James Trostle to Teach, Conduct Research in Chile on Fulbright Grant

Professor to combine Expertise in Anthropology and Epidemiology

HARTFORD, CT, April 1, 2013 – James Trostle, Charles A. Dana Research Professor of Anthropology, has been awarded a Fulbright grant to teach a graduate seminar at the University of Chile in Santiago. The Fulbright, which will run from March 2014 through July, will also allow Trostle to lecture at different sites in Chile, and conduct research on the health impact of road development.

Photograph by Jason S. Ordaz, courtesy of the School for Advanced Research​​

A medical anthropologist with training and experience in epidemiology and public health, Trostle was seeking an opportunity to travel to a country where he could continue his research on the health effects of social change. 

Chile, as it turns out, will afford him a chance to do just that. As Trostle wrote in his Fulbright proposal, “Chile offers a number of benefits for this project: it has a long and creative history of community public health, it has undergone rapid rural and urban social and economic development, and it has a strong educational system.”

 Trostle’s teaching and research will emphasize an interdisciplinary approach, making use of collaborations between social scientists, epidemiologists, health-care specialists and even ecologists and geographers.

A member of Trinity’s faculty since 1998, Trostle will teach a course from among the following: “Introduction to Medical Anthropology;” Anthropology and Epidemiology;” or “The Anthropology of Global Health.” He has experience teaching similar courses in Spanish at the graduate level in both Mexico and Argentina.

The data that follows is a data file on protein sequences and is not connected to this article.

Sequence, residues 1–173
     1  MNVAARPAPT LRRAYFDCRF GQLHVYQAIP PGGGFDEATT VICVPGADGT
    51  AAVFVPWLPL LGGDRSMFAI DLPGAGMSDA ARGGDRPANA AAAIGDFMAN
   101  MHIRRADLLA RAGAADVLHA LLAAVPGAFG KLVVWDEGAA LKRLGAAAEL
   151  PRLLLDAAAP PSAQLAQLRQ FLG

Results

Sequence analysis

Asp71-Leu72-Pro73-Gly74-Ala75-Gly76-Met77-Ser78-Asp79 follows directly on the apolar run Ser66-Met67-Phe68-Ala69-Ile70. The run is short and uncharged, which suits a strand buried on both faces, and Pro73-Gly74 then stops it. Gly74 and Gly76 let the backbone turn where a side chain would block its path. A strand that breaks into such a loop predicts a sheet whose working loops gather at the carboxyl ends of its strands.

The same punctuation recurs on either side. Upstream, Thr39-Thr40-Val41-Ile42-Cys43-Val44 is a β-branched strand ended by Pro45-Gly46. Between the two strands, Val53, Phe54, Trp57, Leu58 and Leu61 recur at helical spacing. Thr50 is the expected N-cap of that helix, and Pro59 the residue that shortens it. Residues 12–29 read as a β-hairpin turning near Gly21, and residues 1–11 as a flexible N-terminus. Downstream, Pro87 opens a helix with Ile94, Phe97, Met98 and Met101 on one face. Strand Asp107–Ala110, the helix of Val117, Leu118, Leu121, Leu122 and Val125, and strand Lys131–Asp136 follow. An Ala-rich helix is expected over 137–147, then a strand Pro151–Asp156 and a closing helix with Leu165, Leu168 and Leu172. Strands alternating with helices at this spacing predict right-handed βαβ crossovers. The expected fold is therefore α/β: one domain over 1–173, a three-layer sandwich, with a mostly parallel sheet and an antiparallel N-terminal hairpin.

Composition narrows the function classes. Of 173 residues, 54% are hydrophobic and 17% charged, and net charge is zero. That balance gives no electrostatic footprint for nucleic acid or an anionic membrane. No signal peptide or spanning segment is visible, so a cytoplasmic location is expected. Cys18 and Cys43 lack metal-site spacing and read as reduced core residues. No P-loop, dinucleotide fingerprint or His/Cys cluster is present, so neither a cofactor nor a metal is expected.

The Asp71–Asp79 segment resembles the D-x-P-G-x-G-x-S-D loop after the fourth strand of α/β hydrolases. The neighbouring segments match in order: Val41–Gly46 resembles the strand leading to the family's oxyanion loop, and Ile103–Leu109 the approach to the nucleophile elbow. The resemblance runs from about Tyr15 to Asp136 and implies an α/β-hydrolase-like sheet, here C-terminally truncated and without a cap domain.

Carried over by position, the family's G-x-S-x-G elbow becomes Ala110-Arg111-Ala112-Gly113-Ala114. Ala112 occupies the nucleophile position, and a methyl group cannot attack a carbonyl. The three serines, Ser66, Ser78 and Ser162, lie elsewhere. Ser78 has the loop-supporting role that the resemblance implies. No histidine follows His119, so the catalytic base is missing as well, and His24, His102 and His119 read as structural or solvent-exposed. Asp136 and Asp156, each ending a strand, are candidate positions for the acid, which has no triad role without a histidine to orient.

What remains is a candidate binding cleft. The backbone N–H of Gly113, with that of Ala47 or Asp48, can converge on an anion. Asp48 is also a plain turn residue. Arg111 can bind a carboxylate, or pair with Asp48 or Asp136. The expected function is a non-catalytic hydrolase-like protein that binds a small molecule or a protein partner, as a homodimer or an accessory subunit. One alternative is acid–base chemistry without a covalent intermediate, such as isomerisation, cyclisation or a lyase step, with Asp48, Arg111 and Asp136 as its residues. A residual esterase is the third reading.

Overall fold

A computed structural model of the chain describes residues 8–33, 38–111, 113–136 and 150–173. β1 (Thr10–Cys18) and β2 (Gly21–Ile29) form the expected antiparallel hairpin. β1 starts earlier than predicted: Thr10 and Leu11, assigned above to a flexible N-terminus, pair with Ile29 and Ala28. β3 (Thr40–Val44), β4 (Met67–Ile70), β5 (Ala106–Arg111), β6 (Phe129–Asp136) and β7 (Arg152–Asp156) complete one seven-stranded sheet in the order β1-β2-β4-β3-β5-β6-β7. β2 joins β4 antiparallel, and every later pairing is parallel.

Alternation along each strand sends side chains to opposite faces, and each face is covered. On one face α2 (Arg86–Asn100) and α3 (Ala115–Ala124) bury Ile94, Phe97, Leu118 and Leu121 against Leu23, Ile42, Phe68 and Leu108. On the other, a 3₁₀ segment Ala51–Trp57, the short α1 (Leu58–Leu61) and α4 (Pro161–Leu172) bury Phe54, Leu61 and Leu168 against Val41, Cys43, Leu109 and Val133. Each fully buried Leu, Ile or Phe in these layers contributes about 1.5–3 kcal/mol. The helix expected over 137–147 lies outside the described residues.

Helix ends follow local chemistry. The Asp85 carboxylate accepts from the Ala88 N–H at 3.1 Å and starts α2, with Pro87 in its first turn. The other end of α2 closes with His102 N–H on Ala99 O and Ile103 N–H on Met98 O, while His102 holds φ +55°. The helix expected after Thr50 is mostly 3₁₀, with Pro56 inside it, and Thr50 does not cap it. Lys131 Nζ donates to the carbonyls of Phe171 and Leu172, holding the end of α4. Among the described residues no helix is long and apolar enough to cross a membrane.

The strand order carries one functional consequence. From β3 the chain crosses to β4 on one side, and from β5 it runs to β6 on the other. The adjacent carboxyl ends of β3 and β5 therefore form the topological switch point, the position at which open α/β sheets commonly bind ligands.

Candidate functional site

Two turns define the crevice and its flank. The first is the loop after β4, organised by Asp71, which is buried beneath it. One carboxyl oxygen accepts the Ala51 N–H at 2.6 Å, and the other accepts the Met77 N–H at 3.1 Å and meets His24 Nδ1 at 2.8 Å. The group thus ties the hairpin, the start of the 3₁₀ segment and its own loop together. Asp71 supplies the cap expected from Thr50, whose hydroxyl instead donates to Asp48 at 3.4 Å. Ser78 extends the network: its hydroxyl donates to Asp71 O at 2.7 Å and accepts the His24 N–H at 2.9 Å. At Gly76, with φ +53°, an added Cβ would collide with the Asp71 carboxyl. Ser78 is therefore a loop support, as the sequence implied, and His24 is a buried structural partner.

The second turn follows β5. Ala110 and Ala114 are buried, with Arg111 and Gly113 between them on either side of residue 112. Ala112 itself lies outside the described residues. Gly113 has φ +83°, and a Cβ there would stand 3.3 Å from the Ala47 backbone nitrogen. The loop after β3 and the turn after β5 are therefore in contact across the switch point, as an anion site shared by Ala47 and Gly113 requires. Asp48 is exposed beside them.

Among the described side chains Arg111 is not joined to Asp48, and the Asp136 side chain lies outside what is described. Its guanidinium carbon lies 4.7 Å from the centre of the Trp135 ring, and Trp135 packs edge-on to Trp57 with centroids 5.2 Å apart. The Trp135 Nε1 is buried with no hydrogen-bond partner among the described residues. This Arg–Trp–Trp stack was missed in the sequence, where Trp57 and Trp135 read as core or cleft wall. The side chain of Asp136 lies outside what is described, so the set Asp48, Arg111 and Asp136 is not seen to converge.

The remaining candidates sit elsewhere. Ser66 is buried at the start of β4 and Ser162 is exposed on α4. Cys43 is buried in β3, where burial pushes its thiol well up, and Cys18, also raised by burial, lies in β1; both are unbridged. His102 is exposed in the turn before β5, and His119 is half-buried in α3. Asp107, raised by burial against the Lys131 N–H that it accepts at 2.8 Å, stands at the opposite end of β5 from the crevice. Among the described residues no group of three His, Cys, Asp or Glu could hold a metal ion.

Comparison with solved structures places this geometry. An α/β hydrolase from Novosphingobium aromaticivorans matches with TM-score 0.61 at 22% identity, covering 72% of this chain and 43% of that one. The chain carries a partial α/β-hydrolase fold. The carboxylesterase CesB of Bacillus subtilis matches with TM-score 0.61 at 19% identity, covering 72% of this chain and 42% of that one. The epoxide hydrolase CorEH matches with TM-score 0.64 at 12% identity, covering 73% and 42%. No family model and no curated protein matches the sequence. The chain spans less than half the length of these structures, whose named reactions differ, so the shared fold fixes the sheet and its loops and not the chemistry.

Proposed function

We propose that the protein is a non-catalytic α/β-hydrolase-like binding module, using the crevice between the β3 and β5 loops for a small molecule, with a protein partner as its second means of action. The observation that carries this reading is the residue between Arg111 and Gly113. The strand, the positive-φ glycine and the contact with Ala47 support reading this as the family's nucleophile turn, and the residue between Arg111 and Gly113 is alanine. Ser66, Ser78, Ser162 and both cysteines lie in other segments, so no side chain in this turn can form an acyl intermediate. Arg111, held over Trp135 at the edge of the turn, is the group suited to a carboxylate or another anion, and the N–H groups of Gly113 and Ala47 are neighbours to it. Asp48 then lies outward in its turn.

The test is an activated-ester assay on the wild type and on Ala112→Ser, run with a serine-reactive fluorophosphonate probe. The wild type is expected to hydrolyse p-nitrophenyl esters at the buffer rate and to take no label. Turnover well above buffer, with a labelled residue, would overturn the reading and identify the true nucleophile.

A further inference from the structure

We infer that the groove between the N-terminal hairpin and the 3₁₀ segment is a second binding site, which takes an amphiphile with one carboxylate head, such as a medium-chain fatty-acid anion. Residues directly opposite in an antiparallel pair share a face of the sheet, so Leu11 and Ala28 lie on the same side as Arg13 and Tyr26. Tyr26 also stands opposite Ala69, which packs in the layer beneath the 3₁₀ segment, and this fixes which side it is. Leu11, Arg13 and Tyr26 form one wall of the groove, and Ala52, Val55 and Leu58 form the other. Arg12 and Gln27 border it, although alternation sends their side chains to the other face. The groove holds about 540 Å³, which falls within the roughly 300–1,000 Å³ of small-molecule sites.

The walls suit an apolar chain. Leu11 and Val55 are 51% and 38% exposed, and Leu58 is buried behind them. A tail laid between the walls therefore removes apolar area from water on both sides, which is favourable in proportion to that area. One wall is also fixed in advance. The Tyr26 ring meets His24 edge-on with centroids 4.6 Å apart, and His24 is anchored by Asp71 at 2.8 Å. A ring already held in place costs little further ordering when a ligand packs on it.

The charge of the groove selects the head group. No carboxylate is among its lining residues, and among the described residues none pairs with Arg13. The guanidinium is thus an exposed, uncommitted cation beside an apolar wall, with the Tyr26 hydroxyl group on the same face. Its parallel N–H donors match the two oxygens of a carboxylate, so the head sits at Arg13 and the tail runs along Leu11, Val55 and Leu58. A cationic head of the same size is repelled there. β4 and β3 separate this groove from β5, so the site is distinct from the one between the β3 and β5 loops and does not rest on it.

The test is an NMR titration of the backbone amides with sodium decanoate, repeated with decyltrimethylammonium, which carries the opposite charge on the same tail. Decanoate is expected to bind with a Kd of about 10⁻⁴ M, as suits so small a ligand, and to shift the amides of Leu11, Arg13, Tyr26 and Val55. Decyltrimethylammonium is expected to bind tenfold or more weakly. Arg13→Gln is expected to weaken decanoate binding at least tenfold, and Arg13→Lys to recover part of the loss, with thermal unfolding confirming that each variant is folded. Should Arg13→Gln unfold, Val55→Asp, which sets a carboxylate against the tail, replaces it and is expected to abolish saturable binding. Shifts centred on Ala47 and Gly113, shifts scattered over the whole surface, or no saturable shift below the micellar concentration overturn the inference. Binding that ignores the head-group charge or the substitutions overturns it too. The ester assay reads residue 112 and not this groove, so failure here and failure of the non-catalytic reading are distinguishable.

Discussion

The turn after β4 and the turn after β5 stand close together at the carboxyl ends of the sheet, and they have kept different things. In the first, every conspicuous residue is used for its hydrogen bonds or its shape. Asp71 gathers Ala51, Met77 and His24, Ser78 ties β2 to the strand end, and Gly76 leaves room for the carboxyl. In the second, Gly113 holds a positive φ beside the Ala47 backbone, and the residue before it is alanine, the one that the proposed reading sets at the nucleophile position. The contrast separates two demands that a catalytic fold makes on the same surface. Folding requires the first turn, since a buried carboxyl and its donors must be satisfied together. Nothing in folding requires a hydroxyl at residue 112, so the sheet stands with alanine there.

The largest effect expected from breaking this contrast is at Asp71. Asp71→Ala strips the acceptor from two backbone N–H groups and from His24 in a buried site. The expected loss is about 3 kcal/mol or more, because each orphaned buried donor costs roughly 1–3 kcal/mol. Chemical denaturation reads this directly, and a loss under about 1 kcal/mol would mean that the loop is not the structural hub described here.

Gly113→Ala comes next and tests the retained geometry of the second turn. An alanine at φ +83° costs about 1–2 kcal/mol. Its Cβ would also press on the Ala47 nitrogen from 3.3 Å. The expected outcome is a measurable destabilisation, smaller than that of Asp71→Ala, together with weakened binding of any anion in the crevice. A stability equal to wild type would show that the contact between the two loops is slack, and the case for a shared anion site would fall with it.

As for his research, it has been directed toward using anthropological and epidemiological methods and theories to explore issues such as adaptation to chronic disease, use of medications, transmission of infection disease, and the health effects of rapid social change.  In Chile, Trostle will seek to work with research teams who are engaged in studies of the health and social changes prompted by development projects such as inter-city roads or other construction projects.

Trostle’s work in Chile will build on the 12 years of research that he has done in Ecuador that has examined how construction of a new two-lane paved road in a previously road-less border region in that coastal South American country has changed the residents’ social lives and disease transmission. In essence, Trostle has asked the question: “What happens in terms of social, environmental and health changes when a road gets built in a place where no road existed before?" 

Again, in his Fulbright proposal, Trostle explained, “The research [in Ecuador] is interdisciplinary and longitudinal. Its methods and results are relevant to many other types of construction projects (so-called ‘linear intrusions’: railroads, canals, pipelines, electrical transmission lines) that change how people, products, and pathogens move across landscapes.”

Although it might seem that a road would not cause upheaval, in the area in Ecuador that Trostle studied, most people and goods had previously traveled by horse or boat. The road was a catalyst for the movement of valuable natural resources and population growth.

Trostle’s project in Ecuador has been done in partnership with Joseph Eisenberg, associate professor of epidemiology at the University of Michigan.

In Chile, Trostle will be exploring similar themes, such as do changes to the environment foment social change and affect public health, the transmission of disease, diet and the movement of pathogens.

Altogether, Trostle has taught in U.S. colleges and universities for 18 years and has worked in other countries for more than 25 years as a consultant in research design and institutional development. Mostly, he has conducted applied research on infectious diseases that kill children. 

He arrived at Trinity after helping to manage a large international health program at the Harvard Institute for International Development from 1998 to 1995, and working as a Five College Professor and Founding Director of the Five College Program in Culture, Health and Science in Massachusetts from 1995 to 1998. From 2001 through 2003, he was a professor at the National Institute of Public Health in Cuernavaca, Mexico.

He has been awarded several grants, among them from the National Science Foundation, the National Institutes of Health, the Kellogg Foundation, the Ford Foundation, and the World Health Organization.

Trostle earned his B.A. and M.A. from Columbia University, and his M.P.H. and Ph.D. from the University of California, San Francisco and Berkeley campuses.